SINCE Russia invaded Ukraine, over eight months ago, some 13,000 Ukrainian refugees now have temporary protection in Malaga—about 61% of the total granted in Andalucia.
Since its opening on 10 March, the Ministry of Interior has documented some 21,305 refugees with temporary protection for one year in Andalucia; the fourth region in the whole of Spain that has processed and granted more protections, behind Valencia (38,873), Catalonia (34,070) and Madrid (22,002).
By provinces, Malaga has so far registered the highest number of temporary protections for Ukrainian refugees in Andalucia, with a total of 12,949, followed by the provinces of Sevilla, with 1,955, and Almeria, with 1,717.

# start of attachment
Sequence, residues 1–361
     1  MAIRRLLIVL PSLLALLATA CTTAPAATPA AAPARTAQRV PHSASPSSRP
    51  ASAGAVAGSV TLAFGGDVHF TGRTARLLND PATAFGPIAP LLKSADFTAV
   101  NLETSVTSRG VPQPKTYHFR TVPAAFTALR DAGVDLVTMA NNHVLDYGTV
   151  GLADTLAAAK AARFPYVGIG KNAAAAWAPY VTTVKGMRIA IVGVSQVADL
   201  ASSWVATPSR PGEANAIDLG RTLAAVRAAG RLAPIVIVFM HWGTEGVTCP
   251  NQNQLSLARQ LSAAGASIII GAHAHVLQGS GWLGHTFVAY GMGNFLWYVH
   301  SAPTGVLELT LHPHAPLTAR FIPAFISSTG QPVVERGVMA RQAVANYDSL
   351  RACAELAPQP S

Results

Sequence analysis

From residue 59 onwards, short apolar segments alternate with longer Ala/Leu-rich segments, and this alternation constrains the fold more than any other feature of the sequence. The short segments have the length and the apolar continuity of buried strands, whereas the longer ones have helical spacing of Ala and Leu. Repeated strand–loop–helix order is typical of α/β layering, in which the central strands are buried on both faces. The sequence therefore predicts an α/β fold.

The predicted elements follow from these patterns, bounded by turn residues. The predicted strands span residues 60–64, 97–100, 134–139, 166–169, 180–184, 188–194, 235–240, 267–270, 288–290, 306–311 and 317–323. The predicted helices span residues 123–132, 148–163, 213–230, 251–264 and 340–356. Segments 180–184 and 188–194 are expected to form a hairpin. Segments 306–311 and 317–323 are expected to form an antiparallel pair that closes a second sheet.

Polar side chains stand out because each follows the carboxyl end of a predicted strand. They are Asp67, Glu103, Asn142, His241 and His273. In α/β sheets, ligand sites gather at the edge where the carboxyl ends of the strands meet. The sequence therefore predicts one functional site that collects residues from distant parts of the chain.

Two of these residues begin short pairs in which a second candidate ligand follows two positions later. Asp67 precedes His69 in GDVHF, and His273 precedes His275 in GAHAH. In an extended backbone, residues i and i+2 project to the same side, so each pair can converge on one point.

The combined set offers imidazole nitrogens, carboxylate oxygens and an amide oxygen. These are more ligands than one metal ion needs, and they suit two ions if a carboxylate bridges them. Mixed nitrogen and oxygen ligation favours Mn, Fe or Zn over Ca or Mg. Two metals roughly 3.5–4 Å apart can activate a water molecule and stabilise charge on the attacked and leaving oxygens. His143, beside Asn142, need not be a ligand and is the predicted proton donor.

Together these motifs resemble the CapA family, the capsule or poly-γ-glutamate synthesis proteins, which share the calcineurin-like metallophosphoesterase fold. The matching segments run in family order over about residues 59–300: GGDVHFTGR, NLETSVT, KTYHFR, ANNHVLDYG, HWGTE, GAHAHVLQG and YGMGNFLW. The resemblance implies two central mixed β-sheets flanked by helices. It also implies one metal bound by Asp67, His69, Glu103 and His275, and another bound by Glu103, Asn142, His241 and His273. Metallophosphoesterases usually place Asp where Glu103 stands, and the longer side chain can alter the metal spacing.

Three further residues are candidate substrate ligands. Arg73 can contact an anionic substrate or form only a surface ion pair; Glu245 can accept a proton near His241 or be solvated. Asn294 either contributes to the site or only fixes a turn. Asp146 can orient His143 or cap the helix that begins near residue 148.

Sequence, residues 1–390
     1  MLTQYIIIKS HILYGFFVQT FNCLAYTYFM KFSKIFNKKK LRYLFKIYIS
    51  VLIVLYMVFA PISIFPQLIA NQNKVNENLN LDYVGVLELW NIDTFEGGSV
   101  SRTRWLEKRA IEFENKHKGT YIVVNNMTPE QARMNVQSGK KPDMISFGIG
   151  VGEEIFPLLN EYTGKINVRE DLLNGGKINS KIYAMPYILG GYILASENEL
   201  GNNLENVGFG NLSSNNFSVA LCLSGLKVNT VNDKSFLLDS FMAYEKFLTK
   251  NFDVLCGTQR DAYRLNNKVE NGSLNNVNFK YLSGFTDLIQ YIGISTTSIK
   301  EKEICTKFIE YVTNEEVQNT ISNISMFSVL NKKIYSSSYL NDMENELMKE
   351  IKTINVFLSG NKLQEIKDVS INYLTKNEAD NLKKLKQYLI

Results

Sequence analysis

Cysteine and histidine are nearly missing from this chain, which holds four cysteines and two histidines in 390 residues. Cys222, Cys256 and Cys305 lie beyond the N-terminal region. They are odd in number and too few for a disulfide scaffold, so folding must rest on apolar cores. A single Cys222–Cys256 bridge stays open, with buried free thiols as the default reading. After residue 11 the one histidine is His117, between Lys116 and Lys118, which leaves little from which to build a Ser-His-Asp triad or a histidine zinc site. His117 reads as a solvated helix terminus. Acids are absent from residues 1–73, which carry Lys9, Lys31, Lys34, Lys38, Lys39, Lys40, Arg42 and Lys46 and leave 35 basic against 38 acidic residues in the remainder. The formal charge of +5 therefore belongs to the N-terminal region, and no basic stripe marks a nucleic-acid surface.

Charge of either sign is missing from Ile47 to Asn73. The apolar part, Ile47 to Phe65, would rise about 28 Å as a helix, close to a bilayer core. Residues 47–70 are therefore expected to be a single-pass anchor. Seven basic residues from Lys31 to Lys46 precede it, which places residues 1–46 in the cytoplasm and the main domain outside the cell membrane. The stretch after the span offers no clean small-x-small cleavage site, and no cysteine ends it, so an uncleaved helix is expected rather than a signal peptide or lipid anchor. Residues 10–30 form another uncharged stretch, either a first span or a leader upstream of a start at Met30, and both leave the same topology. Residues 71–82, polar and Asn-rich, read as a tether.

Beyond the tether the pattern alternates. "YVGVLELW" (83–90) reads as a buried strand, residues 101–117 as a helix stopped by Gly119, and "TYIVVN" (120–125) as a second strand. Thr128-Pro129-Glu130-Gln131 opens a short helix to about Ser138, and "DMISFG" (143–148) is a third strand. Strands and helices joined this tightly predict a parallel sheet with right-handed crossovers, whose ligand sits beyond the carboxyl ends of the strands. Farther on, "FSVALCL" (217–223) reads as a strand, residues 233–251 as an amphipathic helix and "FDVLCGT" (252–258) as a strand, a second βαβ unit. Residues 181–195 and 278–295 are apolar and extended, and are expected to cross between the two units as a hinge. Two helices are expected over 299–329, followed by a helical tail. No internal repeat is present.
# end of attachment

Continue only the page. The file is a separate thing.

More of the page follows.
In total, Spain had already granted 150,078 temporary protections to those who have fled due to the war in Ukraine.
A figure which places the country among those that have granted more protections to citizens and residents in Ukraine.
The Temporary Protection Directive, which is being activated for the first time in the EU since its approval in 2001, allows access to immediate protection and grants work and residence permits to Ukrainians, as well as stateless persons and third-country nationals with legal residence in Ukraine who cannot return to their country.
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